Python: best practices

Table of Contents

testing pythontesting

nose is abandoned pythontesting

pytest is the best apparently pythontestingpytest

  • uses the built in assert

    assert 1 == 1, 'This is my error message, which is optional'
  • parameterized tests
  • fixtures: These aren't the setup/teardown fixtures (per-se), but more like dependency injection (and are incredibly useful). You can even inject a fixture into a fixture (say you need to log in a user, but you need an HTTP client for it to work, you probably use that client elsewhere so DRY it up):
  • markers: Easy way to categorize tests (and coincidentally run only those groups)

    def test_slow_running_thing():
  • parallel execution via xdist

logging python

simple python

import logging
logging.basicConfig(level=logging.INFO) # apparently callin basicconfig at least one is important
logging.exception('Caught an error' + str(e))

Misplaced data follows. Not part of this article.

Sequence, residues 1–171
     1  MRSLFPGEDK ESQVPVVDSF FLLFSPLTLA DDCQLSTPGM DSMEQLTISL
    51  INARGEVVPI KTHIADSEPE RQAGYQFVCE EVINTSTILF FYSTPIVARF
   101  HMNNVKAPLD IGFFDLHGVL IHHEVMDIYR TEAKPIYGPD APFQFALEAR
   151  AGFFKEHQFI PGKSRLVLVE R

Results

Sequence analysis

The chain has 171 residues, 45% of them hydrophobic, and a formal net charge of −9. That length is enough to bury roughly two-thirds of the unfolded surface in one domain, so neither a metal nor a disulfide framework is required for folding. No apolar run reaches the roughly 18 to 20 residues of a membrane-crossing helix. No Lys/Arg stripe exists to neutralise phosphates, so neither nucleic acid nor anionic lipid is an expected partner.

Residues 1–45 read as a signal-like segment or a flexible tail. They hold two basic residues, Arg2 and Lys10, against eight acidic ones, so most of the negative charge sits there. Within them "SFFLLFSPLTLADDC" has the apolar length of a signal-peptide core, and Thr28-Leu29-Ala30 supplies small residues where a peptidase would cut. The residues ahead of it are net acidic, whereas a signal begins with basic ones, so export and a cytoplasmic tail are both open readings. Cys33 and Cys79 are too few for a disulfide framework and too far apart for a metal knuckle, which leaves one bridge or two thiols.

use logzero for nice colored logs python

json pythonjson

json.dump(jobj, stdout, indent=4, sort_keys=True, ensure_ascii=False) pythonjson

TODO asyncio python

[B] [2020-02-12] Guido van Rossum on Twitter: "@jonasrk You missed mypy. Simpler docs use markdown, not ReST (Sphinx). Black is overrated unless your team argues over style a lot. You don't need Pylint if you're using flake8. Never heard of poetry or dependabot. And you should use a CI solution, e.g. Travis-CI, to run your tests." / Twitter python

You don't need Pylint if you're using flake8


[C] [2018-05-08] configuration via class variables – not great while testing since configuration has to be reloaded… python

TODO [C] write about setting up elaborate python project + circleci? maybe demonstrate on grasp? pythonci

CREATED: [2019-08-02]
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